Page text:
Significance and Use
4.1 This guide provides guidance in the selection of appropriate sample preparation methods and instrumental parameters for the analysis, comparison, or identification of various polymeric materials by PGC and PGC/MS.
4.1.1 PGC/MS can differentiate between classes of fibers (for example, acrylic, polyester, nylon) and within classes of fibers (for example, acrylics) (. )
4.1.2 Paint binders are differentiated based upon the variety of monomers used in paint formulations which could be difficult to identify by other analytical techniques. In addition, some additives can be detected or identified.
4.1.3 Differentiation can be achieved by the separation and identification of organic components in the adhesive portion of tapes ( and in the backings of electrical tapes , )(. )
4.1.4 PGC/MS can provide additional discrimination for other types of polymers such as automotive lenses, automotive body fillers, cosmetics, plastics, and rubbers (. )
4.2 Pyrolysis breaks a large molecule into many smaller molecules in a reproducible fashion through the breaking of bonds by means of the application of thermal energy. Analytical pyrolysis is used to provide chemical information on organic-containing solids that cannot be dissolved or otherwise introduced into a chromatographic system. It is also used to analyze and compare solvents bound in a solid material (such as tape adhesives) (. When analyzed using a separation technique such as gas chromatography, the smaller molecules produced through the action of pyrolysis form a pattern of separated fragments. Mass and structural information indicative of the original molecule are also available when a mass spectral detector is used. )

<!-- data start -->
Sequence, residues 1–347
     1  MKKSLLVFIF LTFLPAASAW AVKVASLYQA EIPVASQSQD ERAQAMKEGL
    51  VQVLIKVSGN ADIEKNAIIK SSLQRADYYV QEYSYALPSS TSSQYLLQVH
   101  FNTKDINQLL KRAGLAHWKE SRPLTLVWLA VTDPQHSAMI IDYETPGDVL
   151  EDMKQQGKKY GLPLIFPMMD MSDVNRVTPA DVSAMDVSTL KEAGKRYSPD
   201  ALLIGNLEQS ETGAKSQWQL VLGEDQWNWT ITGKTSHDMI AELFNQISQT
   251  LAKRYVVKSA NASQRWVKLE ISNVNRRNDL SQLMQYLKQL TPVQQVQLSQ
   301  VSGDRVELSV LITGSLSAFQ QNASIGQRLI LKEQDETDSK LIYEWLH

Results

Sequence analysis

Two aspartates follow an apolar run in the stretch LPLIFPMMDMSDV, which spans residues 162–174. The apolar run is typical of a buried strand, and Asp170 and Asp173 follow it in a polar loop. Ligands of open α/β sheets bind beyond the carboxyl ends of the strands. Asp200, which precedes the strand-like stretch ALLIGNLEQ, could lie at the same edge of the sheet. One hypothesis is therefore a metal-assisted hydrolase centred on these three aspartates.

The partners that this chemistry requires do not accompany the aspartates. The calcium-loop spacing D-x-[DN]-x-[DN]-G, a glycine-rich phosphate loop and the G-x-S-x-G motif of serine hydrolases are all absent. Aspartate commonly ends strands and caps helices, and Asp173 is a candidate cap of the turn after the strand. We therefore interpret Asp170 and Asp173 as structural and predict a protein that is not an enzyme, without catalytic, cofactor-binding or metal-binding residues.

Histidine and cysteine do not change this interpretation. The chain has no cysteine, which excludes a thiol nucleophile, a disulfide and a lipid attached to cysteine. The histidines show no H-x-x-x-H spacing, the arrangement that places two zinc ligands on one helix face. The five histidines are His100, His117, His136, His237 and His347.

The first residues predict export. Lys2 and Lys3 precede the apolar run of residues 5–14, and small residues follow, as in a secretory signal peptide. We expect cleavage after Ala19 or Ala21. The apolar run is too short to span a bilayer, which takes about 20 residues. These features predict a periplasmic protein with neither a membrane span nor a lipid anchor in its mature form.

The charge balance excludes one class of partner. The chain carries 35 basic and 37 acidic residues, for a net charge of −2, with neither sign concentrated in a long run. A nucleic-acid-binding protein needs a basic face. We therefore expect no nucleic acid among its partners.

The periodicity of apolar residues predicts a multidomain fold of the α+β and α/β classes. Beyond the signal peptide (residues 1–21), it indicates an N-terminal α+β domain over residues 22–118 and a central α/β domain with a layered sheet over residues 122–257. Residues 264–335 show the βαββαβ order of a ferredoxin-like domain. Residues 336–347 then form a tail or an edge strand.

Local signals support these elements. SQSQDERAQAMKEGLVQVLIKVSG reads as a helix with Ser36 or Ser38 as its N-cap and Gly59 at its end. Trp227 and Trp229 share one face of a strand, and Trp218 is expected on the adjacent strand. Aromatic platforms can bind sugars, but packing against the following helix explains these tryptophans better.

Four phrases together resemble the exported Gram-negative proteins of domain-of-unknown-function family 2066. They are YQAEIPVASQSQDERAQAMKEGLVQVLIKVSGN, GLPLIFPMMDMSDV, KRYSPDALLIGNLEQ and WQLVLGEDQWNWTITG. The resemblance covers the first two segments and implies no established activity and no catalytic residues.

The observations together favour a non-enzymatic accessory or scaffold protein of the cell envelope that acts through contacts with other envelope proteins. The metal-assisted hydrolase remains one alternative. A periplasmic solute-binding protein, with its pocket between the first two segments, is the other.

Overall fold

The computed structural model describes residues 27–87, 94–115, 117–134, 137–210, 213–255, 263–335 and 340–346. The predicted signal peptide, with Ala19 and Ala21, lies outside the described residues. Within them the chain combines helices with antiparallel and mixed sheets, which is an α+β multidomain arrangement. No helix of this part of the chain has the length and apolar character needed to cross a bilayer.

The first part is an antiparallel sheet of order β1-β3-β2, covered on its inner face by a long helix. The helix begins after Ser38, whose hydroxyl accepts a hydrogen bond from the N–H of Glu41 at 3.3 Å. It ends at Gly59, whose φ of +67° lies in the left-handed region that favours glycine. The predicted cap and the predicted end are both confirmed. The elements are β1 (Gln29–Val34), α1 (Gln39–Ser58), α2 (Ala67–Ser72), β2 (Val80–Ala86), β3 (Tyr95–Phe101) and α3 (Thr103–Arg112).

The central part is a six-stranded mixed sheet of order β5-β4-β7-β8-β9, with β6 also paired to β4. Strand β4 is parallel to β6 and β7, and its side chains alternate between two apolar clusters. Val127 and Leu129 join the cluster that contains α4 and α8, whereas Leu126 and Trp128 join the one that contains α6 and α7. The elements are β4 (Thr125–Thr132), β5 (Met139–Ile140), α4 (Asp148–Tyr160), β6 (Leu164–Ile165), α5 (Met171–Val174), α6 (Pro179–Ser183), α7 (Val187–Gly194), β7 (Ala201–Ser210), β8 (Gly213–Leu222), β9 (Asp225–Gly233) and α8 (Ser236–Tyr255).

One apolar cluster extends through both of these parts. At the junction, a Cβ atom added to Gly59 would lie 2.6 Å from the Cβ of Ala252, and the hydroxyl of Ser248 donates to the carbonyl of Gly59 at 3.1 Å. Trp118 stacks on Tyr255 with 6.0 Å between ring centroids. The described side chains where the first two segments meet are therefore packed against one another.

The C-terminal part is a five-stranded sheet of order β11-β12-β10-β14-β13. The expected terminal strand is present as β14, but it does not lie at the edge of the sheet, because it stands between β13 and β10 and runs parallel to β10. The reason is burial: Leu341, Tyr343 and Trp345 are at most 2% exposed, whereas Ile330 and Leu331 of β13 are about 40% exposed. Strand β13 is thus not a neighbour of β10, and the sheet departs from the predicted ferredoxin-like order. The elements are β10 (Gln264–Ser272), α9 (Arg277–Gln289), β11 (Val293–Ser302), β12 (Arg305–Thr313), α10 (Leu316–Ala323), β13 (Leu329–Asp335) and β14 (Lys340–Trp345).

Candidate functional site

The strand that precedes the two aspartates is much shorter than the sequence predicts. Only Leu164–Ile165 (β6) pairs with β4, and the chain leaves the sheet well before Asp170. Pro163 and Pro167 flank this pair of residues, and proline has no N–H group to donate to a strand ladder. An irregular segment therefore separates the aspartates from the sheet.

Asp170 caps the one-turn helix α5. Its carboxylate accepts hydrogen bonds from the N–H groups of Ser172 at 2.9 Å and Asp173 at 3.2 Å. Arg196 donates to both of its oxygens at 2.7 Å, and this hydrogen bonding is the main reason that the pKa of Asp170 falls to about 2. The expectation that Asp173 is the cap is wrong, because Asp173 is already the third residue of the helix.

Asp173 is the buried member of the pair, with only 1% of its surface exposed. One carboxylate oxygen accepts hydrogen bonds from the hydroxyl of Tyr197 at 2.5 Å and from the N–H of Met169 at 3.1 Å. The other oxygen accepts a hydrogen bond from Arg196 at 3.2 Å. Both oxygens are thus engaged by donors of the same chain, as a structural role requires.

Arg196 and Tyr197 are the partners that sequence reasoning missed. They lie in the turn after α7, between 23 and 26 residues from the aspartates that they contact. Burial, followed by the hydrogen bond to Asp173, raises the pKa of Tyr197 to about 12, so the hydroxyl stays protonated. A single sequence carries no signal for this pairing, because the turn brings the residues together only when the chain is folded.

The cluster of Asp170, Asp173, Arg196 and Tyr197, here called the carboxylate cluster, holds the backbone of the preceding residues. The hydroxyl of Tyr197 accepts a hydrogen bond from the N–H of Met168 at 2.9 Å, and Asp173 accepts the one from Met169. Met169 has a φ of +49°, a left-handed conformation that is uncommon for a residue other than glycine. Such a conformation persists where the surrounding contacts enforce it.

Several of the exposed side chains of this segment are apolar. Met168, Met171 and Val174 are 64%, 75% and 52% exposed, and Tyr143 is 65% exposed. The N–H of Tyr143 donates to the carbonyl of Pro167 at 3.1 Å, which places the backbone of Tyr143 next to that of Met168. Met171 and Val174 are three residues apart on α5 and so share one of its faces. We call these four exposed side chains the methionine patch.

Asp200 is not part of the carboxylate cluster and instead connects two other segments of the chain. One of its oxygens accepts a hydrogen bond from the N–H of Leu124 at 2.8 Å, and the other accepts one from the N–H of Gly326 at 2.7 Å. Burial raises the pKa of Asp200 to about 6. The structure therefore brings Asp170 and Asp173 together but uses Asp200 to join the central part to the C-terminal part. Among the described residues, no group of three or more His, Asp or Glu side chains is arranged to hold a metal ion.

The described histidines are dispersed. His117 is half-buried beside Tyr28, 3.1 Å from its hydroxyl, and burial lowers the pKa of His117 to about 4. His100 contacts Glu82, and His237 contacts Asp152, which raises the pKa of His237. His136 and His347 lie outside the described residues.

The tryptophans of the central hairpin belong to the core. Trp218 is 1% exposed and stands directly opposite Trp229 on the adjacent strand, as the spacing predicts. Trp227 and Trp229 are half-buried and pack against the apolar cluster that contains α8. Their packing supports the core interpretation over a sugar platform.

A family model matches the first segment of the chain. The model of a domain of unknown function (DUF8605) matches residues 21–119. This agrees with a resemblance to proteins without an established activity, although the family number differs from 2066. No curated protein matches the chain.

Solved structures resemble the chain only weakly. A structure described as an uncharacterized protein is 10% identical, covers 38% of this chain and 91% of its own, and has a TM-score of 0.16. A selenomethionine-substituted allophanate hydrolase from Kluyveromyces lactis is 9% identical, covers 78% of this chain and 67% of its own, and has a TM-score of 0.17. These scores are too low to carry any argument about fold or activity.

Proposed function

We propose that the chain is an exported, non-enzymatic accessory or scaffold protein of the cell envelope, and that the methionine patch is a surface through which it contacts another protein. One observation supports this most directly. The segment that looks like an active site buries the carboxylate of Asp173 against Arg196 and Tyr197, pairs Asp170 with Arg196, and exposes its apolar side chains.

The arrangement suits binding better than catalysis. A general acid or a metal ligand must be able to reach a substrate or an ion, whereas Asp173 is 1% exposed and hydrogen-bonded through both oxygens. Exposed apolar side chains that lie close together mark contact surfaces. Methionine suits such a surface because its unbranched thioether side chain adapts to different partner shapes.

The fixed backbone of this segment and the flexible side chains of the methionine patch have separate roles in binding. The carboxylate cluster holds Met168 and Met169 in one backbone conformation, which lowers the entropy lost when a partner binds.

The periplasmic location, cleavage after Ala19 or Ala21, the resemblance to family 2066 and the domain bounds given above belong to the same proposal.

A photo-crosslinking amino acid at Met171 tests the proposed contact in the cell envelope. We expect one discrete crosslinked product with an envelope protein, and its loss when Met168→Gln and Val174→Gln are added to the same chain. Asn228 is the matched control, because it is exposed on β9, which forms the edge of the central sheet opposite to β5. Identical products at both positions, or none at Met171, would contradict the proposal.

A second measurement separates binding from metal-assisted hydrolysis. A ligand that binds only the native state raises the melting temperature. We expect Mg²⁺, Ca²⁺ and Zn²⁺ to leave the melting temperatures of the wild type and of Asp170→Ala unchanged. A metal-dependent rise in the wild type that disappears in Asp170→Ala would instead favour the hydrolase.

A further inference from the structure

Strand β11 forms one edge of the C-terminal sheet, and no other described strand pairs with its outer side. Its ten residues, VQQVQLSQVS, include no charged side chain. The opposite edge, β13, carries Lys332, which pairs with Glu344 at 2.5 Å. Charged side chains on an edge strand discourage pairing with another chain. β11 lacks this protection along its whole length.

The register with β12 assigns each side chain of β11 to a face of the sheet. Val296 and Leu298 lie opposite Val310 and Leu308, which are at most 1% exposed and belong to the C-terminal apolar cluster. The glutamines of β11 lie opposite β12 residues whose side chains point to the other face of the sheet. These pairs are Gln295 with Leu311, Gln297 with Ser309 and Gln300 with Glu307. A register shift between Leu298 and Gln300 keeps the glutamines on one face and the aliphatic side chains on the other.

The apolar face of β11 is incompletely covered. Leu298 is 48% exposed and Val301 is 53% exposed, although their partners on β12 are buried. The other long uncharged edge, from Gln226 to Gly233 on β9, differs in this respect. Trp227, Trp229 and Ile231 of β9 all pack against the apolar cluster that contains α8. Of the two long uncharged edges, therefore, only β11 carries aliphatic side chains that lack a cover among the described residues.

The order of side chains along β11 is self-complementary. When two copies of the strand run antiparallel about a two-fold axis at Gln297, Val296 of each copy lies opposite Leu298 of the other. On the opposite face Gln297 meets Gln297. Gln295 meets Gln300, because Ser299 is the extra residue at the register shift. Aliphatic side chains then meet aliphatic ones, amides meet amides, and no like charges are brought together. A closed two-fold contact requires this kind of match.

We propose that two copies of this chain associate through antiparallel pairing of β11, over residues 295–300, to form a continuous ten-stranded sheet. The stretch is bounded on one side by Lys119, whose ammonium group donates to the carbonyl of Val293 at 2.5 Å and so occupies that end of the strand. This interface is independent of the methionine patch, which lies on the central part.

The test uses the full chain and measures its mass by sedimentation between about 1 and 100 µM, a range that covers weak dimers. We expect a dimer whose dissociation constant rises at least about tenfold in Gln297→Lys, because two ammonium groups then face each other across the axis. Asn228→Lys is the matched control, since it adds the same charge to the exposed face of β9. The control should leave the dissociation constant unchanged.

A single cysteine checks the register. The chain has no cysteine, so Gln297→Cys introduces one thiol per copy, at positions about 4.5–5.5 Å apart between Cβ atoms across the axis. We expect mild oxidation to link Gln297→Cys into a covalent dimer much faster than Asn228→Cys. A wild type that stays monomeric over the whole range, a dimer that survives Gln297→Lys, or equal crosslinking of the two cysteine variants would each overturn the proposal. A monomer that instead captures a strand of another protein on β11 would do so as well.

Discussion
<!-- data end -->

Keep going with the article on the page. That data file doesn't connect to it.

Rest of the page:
4.3 Although a destructive method, and therefore often placed at the end of an analytical scheme, the pyrograms produced from different polymer compositions form characteristic patterns that are useful for both identification of polymer type and comparisons between samples (. When used for comparison purposes, the goal is to determine whether any exclusionary differences exist between the samples. , , )
1.1 This guide covers information and recommendations for the selection and application of various PGC and PGC/MS procedures and methods in the forensic examination of polymeric materials (for example, fibers, paint, tape). PGC and PGC/MS methods are used for the identification and comparison of the organic components of these materials. Refer to Practice for further information on the preparation of the pyrolysis system for polymeric analyses.
1.2 This guide is to be used in conjunction with a broader analytical scheme such as Guides or , or the SWGMAT Forensic Fiber Examination Guidelines.
1.3 This standard is intended for use by competent forensic science practitioners with the requisite formal education, discipline-specific training (see Practices , , ), and demonstrated proficiency to perform forensic casework.
1.4 The values stated in SI units are to be regarded as standard. No other units of measurement are included in this standard.
1.5 This international standard was developed in accordance with internationally recognized principles on standardization established in the Decision on Principles for the Development of International Standards, Guides and Recommendations issued by the World Trade Organization Technical Barriers to Trade (TBT) Committee.